25. We celebrate Christmas though definitely are not Christian… I’ve made it whole, in my mind at least, by talking about ritual, yearly celebrations, and joy of giving. And say that Santa is the spirit of these things. It changes a bit every year as the kids get older… LOVE your ways of thinking and talking about it.

  26. The whole winter holiday season is such a loaded thing. We did a pretty secular Christmas when I was growing up, and we were the poster children for over-consumption, I have to say. (My mother’s parents considered it their personal mission to ensure that we had every piece of molded plastic ever made.) To their credit though, Santa never brought presents based on behavior – he just showed up no matter what. And we got the historical backstory on Santa/St. Nicolas, and exposure to how other cultures represented him. (My mom was big on stealth lessons in history and culture.)

    And to be honest, I was much older (and long past believing in an actual fairytale Santa) when I realized the rich/poor dichotomy. It wasn’t something that I was aware of as a kid.

    I really wish I had some advice to give, or at least a relatively helpful experience. Frankly, it sounds like it would be both maddening and a little heartbreaking from a parental point of view to fight the uphill battle that is the Retail Christmas Season. I don’t envy you that. And I will keep my fingers crossed that the 25th passes without notice. (Although – and I hate to point this out – “what I got for Christmas” is likely to be the hot topic at school for a few days following the holiday, or the return from school break. So even if the 25th passes without notice, you might still have some fallout. Just a heads-up, in case you hadn’t realized.)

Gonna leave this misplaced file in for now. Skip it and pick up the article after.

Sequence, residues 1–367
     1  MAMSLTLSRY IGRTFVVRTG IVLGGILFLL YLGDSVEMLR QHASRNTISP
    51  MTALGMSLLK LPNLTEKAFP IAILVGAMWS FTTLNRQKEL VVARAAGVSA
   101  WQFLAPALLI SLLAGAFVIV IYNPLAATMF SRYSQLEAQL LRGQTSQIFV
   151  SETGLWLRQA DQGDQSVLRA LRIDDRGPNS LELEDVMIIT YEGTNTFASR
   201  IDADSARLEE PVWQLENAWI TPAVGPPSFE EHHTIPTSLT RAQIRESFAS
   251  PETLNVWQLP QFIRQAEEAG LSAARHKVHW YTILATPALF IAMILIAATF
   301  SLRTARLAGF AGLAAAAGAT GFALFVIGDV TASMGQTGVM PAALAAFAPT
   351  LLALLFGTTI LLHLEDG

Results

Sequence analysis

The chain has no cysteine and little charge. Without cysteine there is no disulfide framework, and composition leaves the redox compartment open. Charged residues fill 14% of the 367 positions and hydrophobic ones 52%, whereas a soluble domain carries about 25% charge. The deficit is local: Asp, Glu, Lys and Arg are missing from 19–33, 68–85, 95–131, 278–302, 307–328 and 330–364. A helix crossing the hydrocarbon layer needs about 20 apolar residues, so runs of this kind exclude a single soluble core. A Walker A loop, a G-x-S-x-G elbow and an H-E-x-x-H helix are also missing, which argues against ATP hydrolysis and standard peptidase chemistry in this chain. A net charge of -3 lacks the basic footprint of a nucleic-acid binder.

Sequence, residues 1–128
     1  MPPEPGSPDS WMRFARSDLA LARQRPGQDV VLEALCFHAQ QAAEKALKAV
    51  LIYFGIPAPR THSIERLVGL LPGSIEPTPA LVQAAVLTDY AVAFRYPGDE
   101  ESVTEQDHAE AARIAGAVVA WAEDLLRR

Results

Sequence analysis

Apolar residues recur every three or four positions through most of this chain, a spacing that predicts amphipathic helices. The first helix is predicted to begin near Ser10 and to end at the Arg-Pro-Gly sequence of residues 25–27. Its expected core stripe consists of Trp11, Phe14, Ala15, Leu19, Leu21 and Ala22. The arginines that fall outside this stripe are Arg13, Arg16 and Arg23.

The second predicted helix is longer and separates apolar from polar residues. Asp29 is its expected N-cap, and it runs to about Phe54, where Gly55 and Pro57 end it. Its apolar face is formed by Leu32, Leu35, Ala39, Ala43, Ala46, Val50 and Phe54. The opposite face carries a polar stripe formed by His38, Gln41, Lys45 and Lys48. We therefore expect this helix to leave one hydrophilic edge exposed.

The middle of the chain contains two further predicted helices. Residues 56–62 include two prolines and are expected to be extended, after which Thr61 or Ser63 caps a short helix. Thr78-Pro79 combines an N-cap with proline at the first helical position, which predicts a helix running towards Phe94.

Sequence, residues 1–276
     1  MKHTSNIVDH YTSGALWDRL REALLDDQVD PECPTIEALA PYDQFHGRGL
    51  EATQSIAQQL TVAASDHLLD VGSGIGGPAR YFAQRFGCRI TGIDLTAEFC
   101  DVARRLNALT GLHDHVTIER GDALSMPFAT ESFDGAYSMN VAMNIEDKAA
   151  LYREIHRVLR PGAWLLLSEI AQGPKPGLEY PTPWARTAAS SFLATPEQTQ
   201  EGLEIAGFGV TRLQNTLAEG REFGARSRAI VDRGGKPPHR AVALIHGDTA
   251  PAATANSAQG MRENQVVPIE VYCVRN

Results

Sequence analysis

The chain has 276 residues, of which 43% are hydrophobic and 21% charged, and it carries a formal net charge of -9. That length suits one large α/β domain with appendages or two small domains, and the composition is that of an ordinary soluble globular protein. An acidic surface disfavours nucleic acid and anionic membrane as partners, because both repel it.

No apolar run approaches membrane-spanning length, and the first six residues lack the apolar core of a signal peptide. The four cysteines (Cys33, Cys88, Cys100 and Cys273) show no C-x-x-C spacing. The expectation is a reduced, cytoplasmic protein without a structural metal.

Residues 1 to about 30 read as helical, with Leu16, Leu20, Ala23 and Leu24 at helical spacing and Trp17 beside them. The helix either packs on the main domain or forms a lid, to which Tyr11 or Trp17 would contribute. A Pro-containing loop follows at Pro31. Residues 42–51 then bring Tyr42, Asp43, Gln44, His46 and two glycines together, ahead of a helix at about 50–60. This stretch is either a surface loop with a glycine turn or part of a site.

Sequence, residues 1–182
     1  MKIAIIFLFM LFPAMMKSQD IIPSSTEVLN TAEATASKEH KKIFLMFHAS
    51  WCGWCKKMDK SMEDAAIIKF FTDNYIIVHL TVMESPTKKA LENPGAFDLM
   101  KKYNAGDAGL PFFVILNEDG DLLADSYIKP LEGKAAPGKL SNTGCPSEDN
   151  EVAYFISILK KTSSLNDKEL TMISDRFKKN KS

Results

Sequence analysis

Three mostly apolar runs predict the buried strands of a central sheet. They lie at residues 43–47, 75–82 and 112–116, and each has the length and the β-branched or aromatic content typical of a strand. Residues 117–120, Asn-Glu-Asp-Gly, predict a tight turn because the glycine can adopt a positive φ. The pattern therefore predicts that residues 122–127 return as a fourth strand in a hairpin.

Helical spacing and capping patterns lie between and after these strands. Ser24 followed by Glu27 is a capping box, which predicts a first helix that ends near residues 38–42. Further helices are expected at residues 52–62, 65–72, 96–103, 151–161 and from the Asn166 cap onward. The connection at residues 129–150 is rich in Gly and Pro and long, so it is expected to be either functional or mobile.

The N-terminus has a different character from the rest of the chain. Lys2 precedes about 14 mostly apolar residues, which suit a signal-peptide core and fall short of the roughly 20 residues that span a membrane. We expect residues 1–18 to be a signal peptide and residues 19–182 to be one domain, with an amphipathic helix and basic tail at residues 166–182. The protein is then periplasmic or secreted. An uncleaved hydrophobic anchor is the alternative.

27. I remember my mother asking “what does it mean to believe in something?”.

  28. Oh boy. This is a subject near and dear to my heart, and it’s nice to have someone else express it so clearly!! My husband and I are both Jewish, although not religiously so. Neither of us really believe in God or religion, and it isn’t a big issue – except for every year at this time. We have 6 year old twin boys now, and live in a very Christian town – with no family near by. The few people I know who are Jewish, are married to someone Christian, and so celebrate both holidays with their families.

    I remember how left out I felt growing up Jewish in a predominantly Christian town, even though I did go to Hebrew School for a time and did know some Jewish people.

    I so desperately don’t want my kids to feel left out like I did, but I just can’t make myself do Xmas stuff as it just feels wrong. So, for the last few years, I’ve been attempting to make Chanukah as fun as I possibly can – lighting the candles each night, playing dreidel, giving lots of gifts to compensate for how lame this holiday actually is compared to Xmas, having a little party with some friends at our house, going to any local Chanukah party I can find, etc.

    This year, though, my boys are finally catching on to how excited and involved all of their peers are with the whole Santa thing, and are starting to feel those left out feelings. They realize that they are each the only Jew in each of their classes, and have to constantly explain “Well, we celebrate Chanukah . . . ” – as do I.

    Finally, last week, one of my boys made a comment that broke me – he said, very sweetly – “Mom, Chanukah is fun . . . but . . Santa is MAGICAL!!” – So . . . I ended up deciding to have them each write a letter to Santa asking if maybe he could bring a small gift to them despite the fact that they’re Jewish. They wrote the cutest letters and were SOOOOO happy.

    And, shockingly, I am at peace with this, and got them some stuff from their lists. Not exactly sure where “Santa” will put the gifts – or how I will logistically do this, but well – that’s that. I feel like I’ve compromised my values a bit, but I couldn’t fight the fight any more. I’m sure it won’t be long before they realize he’s a fake, anyway.

    Thanks again, for sharing your story and giving me a place to share mine!

  29. I’m surprised you didn’t complain about this in England. They are obsessed with assuming everyone believes in Father Christmas. Has it gotten better over there, or was it just that you expected better in the states?

  30. it must be so hard. not doing the santa thing is a little hard for us, but we still do Xmas (obviously) so we can kind of skirt around it. but for you…. oy vey. good luck.